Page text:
Blog  Building, Destruction, Exile, and Return

Building, Destruction, Exile, and Return

Rabbi Sykes PR Photo ResizedRabbi Loren Sykes is the Principal of the NFTY-EIE High School in Israel. In these weekly postings, he gives a description and rundown of what the group is doing day to day, which he hopes sheds some light on what the EIE experience is like.

It was another exceptional week for EIE. The weather was spectacular, truly summer-like, which added more bright light to the smiles of the participants. This was a busy week for EIE. It included a major break from the regular routine, a break that will continue this coming week as well. We continued our fast-paced learning of Jewish history in class, in Jerusalem and out in the field.

This week, EIE focused on the end of the Second Temple period, from the construction of the Second Temple through its destruction by the Romans, the Judean revolt and the period of the Zealots and Masada. On Wednesday, we toured the Herodian Mansions in the Old City as well as the Davidson Center and the Southern Wall excavations. During Herod’s reign, three major groups, with different goals, rose in Jerusalem. The Sadducees, dominated by the Priestly class, was exceptionally wealthy. Their homes were opulent and magnificent. The remains of their homes were excavated after the Six Day War when the Old City returned to Jewish control for the first time since 70 CE. From intricate mosaic floors to evidence of massive fires, the mansions are an exceptional, historic archaeological site.

At the Davidson Center, EIE students learned about the Temple during Herod’s reign, got a picture of the grandeur of the Temple and saw the evidence of the destruction. The Pharisees, another major group, had homes in this area. The Pharisees brought us rabbinic Judaism, that which would sustain Judaism after the fall of the Temple and the end of the priestly cult in Jerusalem. The massive stones of the Southern Wall combined with the toppled columns etc make a deep impression on all who see them.

Masada1From Jerusalem, we set off for the Negev and the Dead Sea region. We spent the night at the Masada Youth Hostel, a beautiful facility, where we had dinner and a short activity. We all went to bed early as we were waking up at approximately 4 AM for our Masada climb. By 5:15 AM, we were on our way to Masada, a short walk from the hostel. We made our ascent before sunrise so that we could be at the top to witness the glory of the sun ascending over the desert and so that we could be there before the temperatures rose into the upper 80’s. If you have climbed Masada, you know that it is an intense hike as the route gets steeper the closer you get to the top. Some made it to the top very quickly while others, like me, took well over an hour to make it to the top.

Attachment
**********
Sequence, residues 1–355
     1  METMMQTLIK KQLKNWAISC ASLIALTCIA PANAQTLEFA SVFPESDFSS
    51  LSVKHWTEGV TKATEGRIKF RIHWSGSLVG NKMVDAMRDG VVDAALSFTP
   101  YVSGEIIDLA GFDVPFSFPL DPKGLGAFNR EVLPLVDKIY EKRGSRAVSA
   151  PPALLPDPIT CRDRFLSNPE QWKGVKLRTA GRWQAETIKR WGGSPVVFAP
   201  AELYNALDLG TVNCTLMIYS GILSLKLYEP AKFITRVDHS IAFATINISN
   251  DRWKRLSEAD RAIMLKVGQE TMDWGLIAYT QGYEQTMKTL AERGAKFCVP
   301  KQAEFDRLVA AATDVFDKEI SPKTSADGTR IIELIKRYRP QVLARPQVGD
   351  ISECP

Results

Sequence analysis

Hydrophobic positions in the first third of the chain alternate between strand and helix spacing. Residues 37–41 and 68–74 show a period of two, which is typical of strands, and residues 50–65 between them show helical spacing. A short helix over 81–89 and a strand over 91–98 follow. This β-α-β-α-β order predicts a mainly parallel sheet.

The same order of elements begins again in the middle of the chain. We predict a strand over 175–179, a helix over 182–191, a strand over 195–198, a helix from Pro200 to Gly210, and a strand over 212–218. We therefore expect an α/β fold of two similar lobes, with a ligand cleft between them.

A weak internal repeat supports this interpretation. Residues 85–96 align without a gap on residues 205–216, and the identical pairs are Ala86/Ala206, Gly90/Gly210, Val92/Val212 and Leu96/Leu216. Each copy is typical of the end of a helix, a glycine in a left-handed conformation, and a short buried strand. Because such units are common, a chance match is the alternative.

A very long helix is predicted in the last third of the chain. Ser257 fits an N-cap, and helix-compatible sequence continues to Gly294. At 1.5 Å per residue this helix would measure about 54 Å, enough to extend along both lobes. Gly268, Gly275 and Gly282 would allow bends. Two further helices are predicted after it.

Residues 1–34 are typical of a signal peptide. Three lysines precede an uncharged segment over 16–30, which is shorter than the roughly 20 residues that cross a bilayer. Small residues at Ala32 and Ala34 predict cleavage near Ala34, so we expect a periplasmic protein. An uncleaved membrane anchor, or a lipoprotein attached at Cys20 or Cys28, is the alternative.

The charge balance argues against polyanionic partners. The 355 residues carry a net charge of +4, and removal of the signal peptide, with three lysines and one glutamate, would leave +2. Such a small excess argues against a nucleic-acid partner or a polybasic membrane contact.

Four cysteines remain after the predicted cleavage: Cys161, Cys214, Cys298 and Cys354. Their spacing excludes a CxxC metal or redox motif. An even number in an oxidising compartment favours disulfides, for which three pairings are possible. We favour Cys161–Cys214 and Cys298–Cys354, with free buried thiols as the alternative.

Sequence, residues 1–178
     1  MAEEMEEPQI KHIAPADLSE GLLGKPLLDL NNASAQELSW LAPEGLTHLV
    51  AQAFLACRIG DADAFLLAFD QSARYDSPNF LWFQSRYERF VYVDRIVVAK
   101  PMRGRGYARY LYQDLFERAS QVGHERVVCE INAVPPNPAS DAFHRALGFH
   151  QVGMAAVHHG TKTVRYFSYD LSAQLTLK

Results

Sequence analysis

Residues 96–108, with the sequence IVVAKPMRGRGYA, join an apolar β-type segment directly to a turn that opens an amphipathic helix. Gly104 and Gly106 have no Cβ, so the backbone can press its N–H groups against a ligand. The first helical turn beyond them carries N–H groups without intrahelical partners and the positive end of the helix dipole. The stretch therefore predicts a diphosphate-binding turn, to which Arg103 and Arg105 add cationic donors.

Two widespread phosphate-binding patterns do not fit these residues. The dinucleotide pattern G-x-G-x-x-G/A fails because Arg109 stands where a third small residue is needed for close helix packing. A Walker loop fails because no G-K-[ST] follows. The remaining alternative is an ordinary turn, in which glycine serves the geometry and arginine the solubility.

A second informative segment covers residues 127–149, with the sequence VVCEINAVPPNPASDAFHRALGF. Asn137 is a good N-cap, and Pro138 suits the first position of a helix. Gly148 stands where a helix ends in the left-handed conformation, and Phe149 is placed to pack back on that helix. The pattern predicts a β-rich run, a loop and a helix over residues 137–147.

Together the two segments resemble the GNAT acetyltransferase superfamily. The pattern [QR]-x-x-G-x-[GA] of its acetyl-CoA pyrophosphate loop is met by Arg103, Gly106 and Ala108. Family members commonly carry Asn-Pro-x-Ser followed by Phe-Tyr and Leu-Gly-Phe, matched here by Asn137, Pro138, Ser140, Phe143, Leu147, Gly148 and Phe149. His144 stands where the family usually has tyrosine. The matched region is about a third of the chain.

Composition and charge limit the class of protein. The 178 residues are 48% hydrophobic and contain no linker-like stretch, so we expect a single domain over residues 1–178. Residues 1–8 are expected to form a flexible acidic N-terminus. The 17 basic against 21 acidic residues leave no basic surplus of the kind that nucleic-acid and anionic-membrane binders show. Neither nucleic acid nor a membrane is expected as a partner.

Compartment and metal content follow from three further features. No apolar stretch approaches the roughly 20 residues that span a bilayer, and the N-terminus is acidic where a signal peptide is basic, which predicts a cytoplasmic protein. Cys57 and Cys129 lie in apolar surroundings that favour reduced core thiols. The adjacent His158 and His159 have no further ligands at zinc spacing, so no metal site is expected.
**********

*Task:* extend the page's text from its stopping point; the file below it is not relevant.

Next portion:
Masada2After enjoying the glorious sunrise, we had a fantastic Tefillah led by EIE students. While we prayed, an IDF Unit, known as Shahar or Dawn, was having their own ceremony, celebrating the official joining of the division. Several soldiers came by and explained what was taking place and why it was important. The students were fascinated.
All four classes took different routes to see the various archaeological finds on the mountain. From the bathhouses to the ballrooms, the palaces to the simple open spaces, everyone got a sense of life on Masada both when it served as a vacation palace for Herod and when it was the last defensive stand of the Zealots, those who refused to accept Roman sovereignty over the land of Israel. Students learned the story of the Zealots, the siege they endured and the moral dilemma they faced at the end: should they submit to Rome or become martyrs, taking their own lives. In the end, the Zealots chose martyrdom and took their own lives. A debate among historians and Jewish leaders continues to rage today about the choice the Zealots made. EIE students struggled with the question as well. As we prepared to descend, we passed a large Hannukah Menorah that promised “Masada Will Not Fall A Second Time,” a testimony to the commitment of the IDF and Israeli citizens to ensure that the State of Israel is strong and lasts forever.

Friday, students hiked Nahal Arugot, a beautiful valley that has a gorgeous stream and many waterfalls. In the afternoon, they went for the classic soak and float in the Dead Sea. This was followed by a quiet, restful Shabbat at the Youth Hostel and a visit to the Bedouin Tent experience Saturday night. Today, EIE moved to Sde Boker, the home David Ben Gurion built and where he lived his last days, to begin Gadna, the IDF experience, to try and get a sense of the crucial role the IDF plays not only in defending Israel but in the culture of Israel as well.

Building, destruction, exile and return – major themes for the week, major themes in Jewish memory, and major themes in Jewish and Israeli modern reality – resonated throughout the week, as they will in the weeks to come. These are major themes not only for EIE but for Jews everywhere. I hope you can take some time to think about them over the course of this week and ask your children about them when you next speak together.

Shavua Tov,